‘Aladdin’ remake has its share of diamonds in the rough
We’re in the midst of a massive Disney project that’s turning animated classics into live-action remakes. It started quietly and relatively slowly with reworkings of Alice in Wonderland, Cinderella, The Jungle Book, and Beauty and the Beast between 2010 and 2017.
But now, we’re in the midst of a near avalanche, with five live-action versions arriving in 2019 alone. Tim Burton’s Dumbo opened two months ago, Aladdin is out now, and The Lion King opens two months from now in July. Another Maleficent movie and Lady and the Tramp arrive in the fall.
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One of the knocks against many of these remakes is that they have no reason for being, other than as money-grabs. The animated version of Beauty and the Beast was in no need of an update, for instance, so why bother with a slavish imitation of a near-perfect original? A billion dollars at the box office, that’s why. And to be fair, that film was pretty good too.
So, how’s this new version of Aladdin? I’d say better than expected, especially considering its source material. I realize the original Aladdin won two Oscars and was a big hit at the box office, but it’s a decidedly lesser film than the two masterpieces which immediately preceded the original, in The Little Mermaid and Beauty and the Beast.
My memory of the original is that, despite its somewhat exotic setting, it starred two of the blandest leads imaginable, Aladdin and Jasmine. To counter that blandness, Disney created a hyperactive Genie (played by the even more hyperactive Robin Williams). Williams’ presence threw off the balance of the film, but at least he kept things lively.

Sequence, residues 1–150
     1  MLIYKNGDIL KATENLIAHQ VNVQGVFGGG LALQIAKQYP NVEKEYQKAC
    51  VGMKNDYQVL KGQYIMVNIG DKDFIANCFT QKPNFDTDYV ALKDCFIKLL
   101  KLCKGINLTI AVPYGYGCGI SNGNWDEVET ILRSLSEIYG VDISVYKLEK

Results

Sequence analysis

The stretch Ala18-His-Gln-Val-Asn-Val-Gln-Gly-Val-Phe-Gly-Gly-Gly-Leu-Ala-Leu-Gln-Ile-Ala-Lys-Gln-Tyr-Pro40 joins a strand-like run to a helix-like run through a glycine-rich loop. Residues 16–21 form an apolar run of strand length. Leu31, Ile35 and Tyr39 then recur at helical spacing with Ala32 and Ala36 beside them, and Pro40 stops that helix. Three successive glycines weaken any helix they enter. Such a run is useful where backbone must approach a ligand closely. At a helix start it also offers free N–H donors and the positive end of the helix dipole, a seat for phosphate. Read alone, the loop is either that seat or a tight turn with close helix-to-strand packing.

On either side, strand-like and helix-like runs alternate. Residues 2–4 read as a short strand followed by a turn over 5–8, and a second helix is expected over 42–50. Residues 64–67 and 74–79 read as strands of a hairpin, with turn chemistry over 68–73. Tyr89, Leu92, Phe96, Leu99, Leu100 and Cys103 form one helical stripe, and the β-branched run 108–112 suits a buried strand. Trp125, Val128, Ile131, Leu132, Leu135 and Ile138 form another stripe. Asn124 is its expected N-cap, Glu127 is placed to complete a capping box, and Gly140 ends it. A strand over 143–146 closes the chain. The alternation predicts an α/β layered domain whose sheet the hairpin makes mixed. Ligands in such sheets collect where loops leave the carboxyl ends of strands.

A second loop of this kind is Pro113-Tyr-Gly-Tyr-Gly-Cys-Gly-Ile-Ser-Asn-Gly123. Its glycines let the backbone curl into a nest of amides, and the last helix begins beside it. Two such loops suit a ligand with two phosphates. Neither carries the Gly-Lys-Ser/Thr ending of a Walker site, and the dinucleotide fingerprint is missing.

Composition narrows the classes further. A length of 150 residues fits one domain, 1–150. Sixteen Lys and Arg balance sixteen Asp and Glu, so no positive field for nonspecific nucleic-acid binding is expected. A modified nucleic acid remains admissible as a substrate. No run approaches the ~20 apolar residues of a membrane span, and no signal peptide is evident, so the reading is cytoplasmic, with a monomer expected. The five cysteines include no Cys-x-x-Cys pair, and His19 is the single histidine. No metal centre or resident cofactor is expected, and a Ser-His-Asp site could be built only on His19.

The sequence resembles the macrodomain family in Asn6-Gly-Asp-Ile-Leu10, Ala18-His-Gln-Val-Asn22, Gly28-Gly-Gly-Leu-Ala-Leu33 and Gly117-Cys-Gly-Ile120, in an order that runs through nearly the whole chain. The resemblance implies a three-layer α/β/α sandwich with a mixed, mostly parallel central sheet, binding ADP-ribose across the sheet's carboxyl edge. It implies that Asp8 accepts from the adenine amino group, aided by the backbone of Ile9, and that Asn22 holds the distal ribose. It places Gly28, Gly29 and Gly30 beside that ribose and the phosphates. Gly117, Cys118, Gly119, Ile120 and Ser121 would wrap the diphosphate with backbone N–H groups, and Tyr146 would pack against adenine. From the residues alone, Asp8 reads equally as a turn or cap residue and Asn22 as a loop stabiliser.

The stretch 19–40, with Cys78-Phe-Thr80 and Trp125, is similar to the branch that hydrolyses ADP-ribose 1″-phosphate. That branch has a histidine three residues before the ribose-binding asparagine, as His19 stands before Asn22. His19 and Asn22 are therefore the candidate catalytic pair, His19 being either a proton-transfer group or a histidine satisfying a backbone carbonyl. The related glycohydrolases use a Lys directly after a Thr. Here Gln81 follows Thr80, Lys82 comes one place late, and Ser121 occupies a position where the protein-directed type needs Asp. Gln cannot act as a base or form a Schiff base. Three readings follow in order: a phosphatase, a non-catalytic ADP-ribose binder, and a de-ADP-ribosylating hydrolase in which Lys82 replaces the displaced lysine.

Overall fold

This Aladdin remake corrects that imbalance a bit by giving both Aladdin and especially Jasmine more character. The two young actors (Mena Massoud and Naomi Scott) bring a full-bodied presence to their roles that was missing in the animated version. And they more than do justice to the original’s big hit song, “A Whole New World.”
More significantly, Jasmine’s given a whole new ambition, to become Sultan herself someday, and that means she gets a brand new song called “Speechless.”
“I won’t be silenced, you can’t keep me quiet, won’t tremble when you try it, all I know is I won’t go speechless,” she sings.
The song is awkwardly squeezed into the middle of a dramatic and climactic scene, but Scott’s vocal delivery of this girl-power ballad wins enough to make it work. And it’s the best “new” thing in the movie.
As for Will Smith as the Genie, he’s definitely no Robin Williams, but that turns out to be fine. Instead of a manic Genie, he’s a genial Genie, one that fits nicely within the Will Smith persona.
For a good stretch of time, Smith seems to be channeling his Hitch character, as he guides Aladdin through the vagaries of the dating scene. It’s not high comedy, but at least the two characters have some rapport.
In another plot change from the original, Jasmine is given a handmaiden named Dalia, played by SNL’s Nasim Pedrad. This not only gives Scott’s Jasmine someone to play off of, but also gives Smith’s Genie someone to court, which he most fervently does. Cue more mild comedy.
Although many of these changes from the original work well enough, others drag the film down. Unnecessarily long and elaborate action scenes, especially the final chase scene, serve no real purpose.
It’s as if Disney feels it needs a superhero movie flourish to justify a live-action remake. It doesn’t. And clocking in at well over two hours, it’s a full 38 minutes longer than the original, and feels it.
Fans of the original are no doubt going to miss Robin Williams, and I definitely missed Gilbert Gottfried as Iago, but just as Aladdin himself is described as “a diamond in the rough,” there are “diamonds in the rough” to be found in this remake, if you’re willing to look.